“How do you describe someone who was ‘bigger than life itself?’ Depending on who you are, and your relationship with Dr. Ferrell, there are many words that come to mind to describe Dr. Craig Ferrell,” Hauk wrote in her nomination. “He was a teacher, a physician, a coach, a husband, an avid hunter, a visionary, a leader, a founder, a traveler, a cheerleader, a lover of life, a humanitarian, a mentor, a friend, an advocate, a motivator, a champion, an inspiration, but most importantly, a father……to his sons Aaron and Jon.
“It is true that Dr. Ferrell guided BrightStone as a Board member, Board chairman, and chairman of the Songwriters Night Benefit. But his love for BrightStone’s students and his dedication to the mission ran far deeper than these titles can portray. He recognized that not all families, raising children or caring for adults with special needs, had the resources to provide and care for them in the manner in which they desire and deserve,” Hauk said.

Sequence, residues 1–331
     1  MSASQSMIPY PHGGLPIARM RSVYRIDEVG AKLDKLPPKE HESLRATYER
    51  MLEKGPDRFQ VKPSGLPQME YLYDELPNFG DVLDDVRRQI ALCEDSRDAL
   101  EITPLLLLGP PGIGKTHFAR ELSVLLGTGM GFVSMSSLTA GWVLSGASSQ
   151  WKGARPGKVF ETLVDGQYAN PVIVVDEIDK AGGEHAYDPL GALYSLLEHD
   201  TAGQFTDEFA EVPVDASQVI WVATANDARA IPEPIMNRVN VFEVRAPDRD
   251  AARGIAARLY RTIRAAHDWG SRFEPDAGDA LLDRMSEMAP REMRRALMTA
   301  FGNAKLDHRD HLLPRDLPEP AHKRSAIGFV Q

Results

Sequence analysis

In remembering Ed Moody, nominated by the Franklin Noon Rotary Club, it was noted Rotary’s motto is “Service Above Self.”
“There is not another Rotarian who always put service, community and others first more than Mr. Ed Moody. Ed Moody was ‘Service above Self’,” said Susan Minor in reading the nomination prepared by Franklin Noon Rotary President Derby Jones. “For generations, Ed Moody has been a household name in Franklin. He has left his footprint in the lives and on the hearts of all who knew him and even those who didn’t know him.”
Moody belonged to the Franklin Noon Rotary Club for two-thirds of his life, joining the club in 1952. He had perfect attendance for 60 years. It comes as no surprise that Ed Moody was named Rotarian of the Century.
Ed Moody loved the rodeo and was chairman of the Franklin Rodeo for many years. He was proud of the money raised that went back to local charities.